The big hit comes from the lackluster multimedia experience. With an inflexible sound profile, the Elite Atlas do one thing really well; unfortunately, this comes at the cost of a reduced music listening experience, ultimately ranking it lower on our list. We loved this headset, but it is a finely-honed weapon, and most listeners would be better served with more a flexible headset What We Don't: Pricey, annoying cable.
Aesthetically, they're beautifully designed and when it comes down to build, they prove to be well engineered. Their higher price is definitely reflected in their design, but we all know it's the audio that really speaks to us. And damn, does it sound good. With their crisp handling of highs and mids, and a resonating low end, these headphones did nothing but impress. They sounded much better than even some of our higher picks, like the Logitech G Artemis Spectrum. And that's before we mentioned what put these headphones on our list: comfort. This pair is one of the most comfortable gaming headsets we've ever worn; their wing support system reminded us of our top pick, the HyperX Cloud Revolvers, but felt even lighter over long periods of use.
The ATH-AG1x headphones are truly something special, and it hurts putting them this far down our list. However, a few things kept them from securing a top spot. First, the connection options were lackluster for the price.
Not to mention the controls on the cable. As seen with HyperX's Revolvers, having the volume and mute controls on the cable is a great feature, but the ATH-AG1x seemed prone to accidental changes, and more than once we bumped the volume to max and blasted our ears off during testing. The Sound BlasterX H7 Tournament Edition is Creative's flagship gaming headset, and although the high contrast colorway might steer some off course, what's going on below deck will leave competitors with a sinking feeling.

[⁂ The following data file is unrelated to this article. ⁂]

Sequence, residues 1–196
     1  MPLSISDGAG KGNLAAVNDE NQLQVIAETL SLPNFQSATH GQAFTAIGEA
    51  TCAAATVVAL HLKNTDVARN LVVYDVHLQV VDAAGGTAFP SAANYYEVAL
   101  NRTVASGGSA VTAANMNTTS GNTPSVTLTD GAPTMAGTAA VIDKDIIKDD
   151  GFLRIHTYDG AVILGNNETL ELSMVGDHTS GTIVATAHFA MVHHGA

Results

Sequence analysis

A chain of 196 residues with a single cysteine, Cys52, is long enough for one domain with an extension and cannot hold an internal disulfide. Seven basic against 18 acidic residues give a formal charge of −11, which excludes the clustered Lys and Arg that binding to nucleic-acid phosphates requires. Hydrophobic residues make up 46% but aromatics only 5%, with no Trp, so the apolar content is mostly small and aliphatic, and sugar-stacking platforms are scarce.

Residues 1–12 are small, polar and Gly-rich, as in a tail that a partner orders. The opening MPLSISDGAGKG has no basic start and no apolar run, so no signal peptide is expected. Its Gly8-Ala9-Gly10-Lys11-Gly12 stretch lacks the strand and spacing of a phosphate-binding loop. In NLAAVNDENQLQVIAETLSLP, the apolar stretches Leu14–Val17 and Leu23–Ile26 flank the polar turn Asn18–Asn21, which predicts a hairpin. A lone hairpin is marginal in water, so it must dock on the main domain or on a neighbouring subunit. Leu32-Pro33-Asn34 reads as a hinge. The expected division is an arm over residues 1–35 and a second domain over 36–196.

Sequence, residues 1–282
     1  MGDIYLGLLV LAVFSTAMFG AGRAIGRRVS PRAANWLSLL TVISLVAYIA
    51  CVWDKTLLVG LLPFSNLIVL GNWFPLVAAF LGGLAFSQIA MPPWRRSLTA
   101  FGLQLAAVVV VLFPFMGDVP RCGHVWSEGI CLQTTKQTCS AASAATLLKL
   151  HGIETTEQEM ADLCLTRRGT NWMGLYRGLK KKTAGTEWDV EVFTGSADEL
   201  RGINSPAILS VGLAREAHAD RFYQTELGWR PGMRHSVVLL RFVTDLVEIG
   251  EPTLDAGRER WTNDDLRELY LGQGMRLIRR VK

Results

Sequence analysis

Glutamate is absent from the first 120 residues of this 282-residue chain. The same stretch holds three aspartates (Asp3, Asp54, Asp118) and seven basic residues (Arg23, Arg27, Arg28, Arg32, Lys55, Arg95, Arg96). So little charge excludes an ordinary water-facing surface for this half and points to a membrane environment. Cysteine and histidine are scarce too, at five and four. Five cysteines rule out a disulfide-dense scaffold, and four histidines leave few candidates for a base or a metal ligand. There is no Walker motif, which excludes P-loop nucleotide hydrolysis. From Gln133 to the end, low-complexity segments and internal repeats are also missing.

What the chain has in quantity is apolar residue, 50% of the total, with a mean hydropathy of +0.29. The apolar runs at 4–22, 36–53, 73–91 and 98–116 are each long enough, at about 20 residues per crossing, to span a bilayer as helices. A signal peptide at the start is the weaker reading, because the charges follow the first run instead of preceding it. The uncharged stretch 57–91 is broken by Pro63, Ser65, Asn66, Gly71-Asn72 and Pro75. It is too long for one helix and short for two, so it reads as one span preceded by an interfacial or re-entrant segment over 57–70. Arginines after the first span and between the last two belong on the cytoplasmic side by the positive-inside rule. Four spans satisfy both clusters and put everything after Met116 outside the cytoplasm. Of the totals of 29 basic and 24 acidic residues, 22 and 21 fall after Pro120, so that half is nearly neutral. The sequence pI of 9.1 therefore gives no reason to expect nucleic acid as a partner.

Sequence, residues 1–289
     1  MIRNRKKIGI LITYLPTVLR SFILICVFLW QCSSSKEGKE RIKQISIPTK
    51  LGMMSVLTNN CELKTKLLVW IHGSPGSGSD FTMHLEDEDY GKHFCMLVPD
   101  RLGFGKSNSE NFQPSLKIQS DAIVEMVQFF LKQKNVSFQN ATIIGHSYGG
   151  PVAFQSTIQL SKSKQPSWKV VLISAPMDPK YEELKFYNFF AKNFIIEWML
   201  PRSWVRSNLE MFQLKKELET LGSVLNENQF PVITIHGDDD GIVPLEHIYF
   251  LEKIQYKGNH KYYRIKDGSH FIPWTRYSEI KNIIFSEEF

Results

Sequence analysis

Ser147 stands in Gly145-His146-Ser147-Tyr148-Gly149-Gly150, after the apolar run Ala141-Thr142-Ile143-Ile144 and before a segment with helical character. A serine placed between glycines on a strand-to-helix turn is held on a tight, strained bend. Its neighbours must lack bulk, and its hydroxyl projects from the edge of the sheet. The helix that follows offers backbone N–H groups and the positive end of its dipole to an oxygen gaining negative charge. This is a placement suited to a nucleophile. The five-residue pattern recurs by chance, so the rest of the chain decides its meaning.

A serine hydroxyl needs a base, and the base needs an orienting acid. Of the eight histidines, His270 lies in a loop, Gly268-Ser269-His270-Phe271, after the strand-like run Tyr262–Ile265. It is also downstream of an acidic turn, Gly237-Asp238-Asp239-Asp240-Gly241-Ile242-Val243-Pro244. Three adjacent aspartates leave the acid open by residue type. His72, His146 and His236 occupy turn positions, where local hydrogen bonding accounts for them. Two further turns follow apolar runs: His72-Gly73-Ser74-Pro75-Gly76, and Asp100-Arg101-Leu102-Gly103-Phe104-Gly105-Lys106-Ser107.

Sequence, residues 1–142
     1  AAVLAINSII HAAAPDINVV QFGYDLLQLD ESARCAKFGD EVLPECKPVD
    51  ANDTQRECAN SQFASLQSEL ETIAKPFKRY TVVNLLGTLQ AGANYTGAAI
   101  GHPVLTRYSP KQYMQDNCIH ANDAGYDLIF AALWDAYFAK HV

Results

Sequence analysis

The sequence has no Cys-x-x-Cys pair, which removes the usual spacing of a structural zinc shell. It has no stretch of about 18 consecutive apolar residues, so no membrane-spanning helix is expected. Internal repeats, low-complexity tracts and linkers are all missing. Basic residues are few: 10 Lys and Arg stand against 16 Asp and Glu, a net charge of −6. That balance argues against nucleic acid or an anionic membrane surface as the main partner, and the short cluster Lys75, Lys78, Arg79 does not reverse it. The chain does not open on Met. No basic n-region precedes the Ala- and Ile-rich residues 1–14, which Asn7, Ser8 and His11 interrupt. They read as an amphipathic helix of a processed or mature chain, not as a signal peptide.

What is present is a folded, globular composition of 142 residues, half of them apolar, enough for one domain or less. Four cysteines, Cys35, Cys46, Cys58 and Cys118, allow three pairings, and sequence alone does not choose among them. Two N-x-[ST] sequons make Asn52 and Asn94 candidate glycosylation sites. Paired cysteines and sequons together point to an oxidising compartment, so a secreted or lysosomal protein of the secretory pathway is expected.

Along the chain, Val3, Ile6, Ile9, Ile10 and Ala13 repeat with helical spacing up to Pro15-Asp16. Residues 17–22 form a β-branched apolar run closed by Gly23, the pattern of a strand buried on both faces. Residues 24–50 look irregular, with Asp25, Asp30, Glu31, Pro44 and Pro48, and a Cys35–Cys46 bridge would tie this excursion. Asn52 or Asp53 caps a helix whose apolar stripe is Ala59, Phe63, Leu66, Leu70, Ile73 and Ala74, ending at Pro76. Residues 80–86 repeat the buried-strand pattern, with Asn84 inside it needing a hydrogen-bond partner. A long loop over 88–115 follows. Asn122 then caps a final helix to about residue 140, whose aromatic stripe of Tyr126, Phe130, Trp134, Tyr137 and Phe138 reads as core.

With its upgraded 50mm full-spectrum drivers, the Sound BlasterX H7 sounds amazing. It might not handle mids and highs quite as well as the Sennheiser GAME ONEs, but delivering what it does at a portion of the price makes that an easy compromise to live with. We found the microphone was decent and, in testing, was just shy of the quality of the Arctis 7s. Looks-wise, the black, brushed metal cups really compliment the gun metal arms.
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However, we wish Creative had reduced the aggressive styling of their X logo, which when coupled with the unnecessary lights, gives the headset a chintzy appearance that doesn't suit its performance. That said, the headset is adequately comfy, lightweight, and importantly durable. The BlasterX software impressed us and—while we didn't love all the included presets—the ability to completely customize the EQ settings was included.
What more could we really ask for? The Creative Sound BlasterX H7 Tournament Edition is a great mid-range headset, that didn't quite pass our aesthetic test, but holds up well overall. Wireless: No Sensitivity: dB Connection: 3. The Razer Kraken X are incredibly light and comfortable, making them easy to wear for even the longest gaming episodes. What makes this headset so appealing for its price is the 7. If you want virtual surround sound at the lowest price, look no further.
See the Razer Kraken X. The design of the Corsair Void PRO Wireless is an acquired taste, and part of the reason it's this far down our list is because we're still trying to acquire that taste. The outer shell feels deceivingly fragile and cheap, but actually hides a strong metallic subframe that delivers the Void's undeniable durability. Given its lower price point, we can forgive a slightly cheaper feel, so long as the audio is on-point. Which it is.